5 Gorgeous Sites to See in Haiti
When I told family and friends I was going to Haiti, the response was universal: Why?
My answer was simple: “I’ve never been there.”
Haiti doesn’t tend to land on many people’s travel wish lists, but it’s a destination worth exploring. Here are five must-see sites if you go.
The Iron Market
Port-au-Prince, the capital, is still recovering from the 2010 earthquake, but one of the bright signs of recovery is the Iron Market. Like a vision from the Arabian Nights, the beautiful red Iron Market in Port-au-Prince is jam-packed with everything from handicrafts to pigeons. The building was prefabricated in France for the train station in Cairo. But the plan didn’t work and, as the story goes, while on a trip to France, Florvil Hyppolite, the president of Haiti from 1828 to 1896, had it shipped to Haiti to serve as a central market.
The Citadel is the most incredible fort I have ever seen, and I have been to a lot of forts. Truly, there is nothing like it. About 17 miles from Cap-Haitien and five miles up a twisty-turny road is the largest fortress in the Americas. The Citadel was intentionally built on a mountain to make it extremely defensible, and was to serve as a place of last resort should the country be attacked. Designated a World Heritage site, the fort also has the largest collection of cannons in the western hemisphere.
Sans Souci Palace
Sans Souci Palace was one of the most unexpected sights I saw in Haiti. Also a UNESCO World Heritage site, the Versailles-like palace was the royal residence of King Henry I. Yes, there was once a king of Haiti. Construction began in 1810 and it only took two years to build the massive complex, complete with gardens, fountains and pools. A major earthquake in 1842 destroyed part of the palace and it was never rebuilt.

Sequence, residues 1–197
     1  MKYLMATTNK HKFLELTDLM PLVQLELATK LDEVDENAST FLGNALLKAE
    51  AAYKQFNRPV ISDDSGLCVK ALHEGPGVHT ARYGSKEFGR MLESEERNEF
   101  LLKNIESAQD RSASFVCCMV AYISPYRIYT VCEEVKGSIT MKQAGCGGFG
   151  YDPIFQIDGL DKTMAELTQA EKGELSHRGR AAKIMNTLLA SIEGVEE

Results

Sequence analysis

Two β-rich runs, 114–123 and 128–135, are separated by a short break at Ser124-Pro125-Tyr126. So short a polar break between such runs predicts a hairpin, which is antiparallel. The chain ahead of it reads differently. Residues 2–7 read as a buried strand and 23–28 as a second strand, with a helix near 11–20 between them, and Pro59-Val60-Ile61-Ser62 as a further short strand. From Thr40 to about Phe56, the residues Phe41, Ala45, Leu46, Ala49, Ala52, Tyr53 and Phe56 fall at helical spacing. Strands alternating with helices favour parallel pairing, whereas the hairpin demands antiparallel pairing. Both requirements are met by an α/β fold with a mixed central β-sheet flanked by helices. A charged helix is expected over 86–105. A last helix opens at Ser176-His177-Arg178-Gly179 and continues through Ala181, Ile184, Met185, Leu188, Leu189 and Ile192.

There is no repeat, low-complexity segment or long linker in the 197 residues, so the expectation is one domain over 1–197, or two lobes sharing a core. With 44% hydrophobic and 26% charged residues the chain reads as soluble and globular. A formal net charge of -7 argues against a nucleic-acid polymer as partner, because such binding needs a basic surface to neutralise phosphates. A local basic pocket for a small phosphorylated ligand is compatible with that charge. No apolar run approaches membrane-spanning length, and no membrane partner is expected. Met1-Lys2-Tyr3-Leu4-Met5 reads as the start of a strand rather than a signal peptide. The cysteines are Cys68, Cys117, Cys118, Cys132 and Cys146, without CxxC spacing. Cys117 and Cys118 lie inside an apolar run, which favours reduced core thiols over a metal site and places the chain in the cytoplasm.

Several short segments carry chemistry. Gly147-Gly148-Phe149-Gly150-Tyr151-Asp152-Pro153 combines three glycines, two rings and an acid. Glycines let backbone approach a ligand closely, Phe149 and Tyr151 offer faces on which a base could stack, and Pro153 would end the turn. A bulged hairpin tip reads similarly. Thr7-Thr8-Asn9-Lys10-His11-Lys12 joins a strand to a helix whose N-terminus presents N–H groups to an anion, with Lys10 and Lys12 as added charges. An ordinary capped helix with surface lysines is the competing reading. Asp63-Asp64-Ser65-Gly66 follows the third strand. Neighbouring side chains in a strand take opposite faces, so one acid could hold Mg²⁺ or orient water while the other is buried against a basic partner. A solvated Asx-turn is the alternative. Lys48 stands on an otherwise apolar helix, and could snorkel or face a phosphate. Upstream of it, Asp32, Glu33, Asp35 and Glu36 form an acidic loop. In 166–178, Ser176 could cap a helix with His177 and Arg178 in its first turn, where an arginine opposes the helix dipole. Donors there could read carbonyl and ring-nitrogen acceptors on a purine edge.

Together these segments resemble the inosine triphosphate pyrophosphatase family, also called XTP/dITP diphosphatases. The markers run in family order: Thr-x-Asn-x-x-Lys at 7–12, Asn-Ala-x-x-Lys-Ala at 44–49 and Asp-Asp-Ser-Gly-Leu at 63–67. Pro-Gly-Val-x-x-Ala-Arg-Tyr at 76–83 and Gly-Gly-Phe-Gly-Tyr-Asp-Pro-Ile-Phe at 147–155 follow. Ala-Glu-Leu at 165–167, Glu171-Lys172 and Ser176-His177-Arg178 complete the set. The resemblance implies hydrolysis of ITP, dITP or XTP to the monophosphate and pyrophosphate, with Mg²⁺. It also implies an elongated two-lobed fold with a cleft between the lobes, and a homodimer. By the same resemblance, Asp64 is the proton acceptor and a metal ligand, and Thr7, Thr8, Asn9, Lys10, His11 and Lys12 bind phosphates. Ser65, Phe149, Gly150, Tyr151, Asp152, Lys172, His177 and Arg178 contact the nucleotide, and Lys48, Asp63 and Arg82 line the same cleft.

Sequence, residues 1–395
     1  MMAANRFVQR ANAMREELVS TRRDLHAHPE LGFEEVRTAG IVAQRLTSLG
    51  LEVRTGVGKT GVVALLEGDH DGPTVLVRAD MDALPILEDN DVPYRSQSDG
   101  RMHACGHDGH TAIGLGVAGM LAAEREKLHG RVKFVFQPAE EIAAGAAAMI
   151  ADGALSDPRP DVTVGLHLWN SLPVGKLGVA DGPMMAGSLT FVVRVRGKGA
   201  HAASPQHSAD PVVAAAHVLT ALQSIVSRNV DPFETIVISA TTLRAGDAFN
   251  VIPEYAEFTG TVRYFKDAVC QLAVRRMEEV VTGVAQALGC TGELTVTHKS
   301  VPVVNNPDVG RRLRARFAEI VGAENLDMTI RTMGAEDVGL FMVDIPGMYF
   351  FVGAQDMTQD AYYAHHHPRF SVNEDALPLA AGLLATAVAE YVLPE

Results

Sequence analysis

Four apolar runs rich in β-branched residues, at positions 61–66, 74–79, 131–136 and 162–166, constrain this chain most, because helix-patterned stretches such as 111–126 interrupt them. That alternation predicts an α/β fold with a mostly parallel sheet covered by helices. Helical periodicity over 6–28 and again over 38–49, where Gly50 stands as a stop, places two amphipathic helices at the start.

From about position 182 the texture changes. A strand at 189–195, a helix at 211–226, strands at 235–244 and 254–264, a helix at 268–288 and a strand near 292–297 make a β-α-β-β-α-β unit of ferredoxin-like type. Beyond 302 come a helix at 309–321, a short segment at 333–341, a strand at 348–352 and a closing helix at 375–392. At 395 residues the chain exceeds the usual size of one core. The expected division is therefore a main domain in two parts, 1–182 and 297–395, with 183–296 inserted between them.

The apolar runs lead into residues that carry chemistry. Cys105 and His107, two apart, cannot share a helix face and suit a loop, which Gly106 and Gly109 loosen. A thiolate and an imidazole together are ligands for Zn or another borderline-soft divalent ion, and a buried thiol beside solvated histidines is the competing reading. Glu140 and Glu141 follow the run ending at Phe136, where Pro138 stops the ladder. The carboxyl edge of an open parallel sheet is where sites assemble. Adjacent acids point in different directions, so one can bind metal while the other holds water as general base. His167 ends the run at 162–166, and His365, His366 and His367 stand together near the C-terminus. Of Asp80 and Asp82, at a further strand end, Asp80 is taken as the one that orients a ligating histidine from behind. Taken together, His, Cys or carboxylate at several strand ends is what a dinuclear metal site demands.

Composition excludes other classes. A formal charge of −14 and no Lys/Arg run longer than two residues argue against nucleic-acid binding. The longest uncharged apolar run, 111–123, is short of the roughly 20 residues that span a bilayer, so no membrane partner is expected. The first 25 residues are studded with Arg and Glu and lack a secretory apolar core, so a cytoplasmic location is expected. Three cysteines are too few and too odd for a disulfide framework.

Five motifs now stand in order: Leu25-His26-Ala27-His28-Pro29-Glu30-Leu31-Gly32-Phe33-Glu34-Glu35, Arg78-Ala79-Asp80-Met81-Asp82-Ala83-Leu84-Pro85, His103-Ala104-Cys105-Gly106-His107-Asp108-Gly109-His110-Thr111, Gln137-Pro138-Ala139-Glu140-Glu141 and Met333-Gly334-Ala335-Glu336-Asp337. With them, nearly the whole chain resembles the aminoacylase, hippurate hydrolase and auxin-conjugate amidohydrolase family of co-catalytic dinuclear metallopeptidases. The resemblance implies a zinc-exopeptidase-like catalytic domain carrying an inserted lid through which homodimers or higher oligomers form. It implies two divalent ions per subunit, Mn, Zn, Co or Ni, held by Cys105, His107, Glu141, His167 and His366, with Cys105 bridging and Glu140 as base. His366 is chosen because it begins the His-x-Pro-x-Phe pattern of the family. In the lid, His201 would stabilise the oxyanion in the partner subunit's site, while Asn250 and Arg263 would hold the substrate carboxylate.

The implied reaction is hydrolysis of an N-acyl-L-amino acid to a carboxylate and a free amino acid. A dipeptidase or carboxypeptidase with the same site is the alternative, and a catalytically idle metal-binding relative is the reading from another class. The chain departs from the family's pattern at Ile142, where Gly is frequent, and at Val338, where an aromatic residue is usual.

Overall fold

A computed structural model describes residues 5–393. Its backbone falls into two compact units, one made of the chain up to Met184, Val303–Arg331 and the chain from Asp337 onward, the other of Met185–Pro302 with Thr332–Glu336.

Jacmel, known for its beaches, is the handicraft capital of Haiti—and you can buy directly from the artist. Most of the bright crafts are one-of-a-kind and made from recycled materials. One small shop, Charlotte, is bursting with bright faces painted on calabashes, many of which are framed with a straw hat. Other bursts of colour in Jacmel are the many glass murals that brighten the streets. The most colourful event is Jacmel’s family-friendly carnival.
The beautiful Arcadin Coast has been drawing beach lovers for decades. There are small boutique resorts like Wahoo Beach Bay, midsize ones like Kaliko Beach and the former Club Med is now Indigo Beach. They all offer a variety of fun-in-the-sun activities as well as cultural tours. I took a fascinating three-hour walking tour of a local village with a stop at the local market.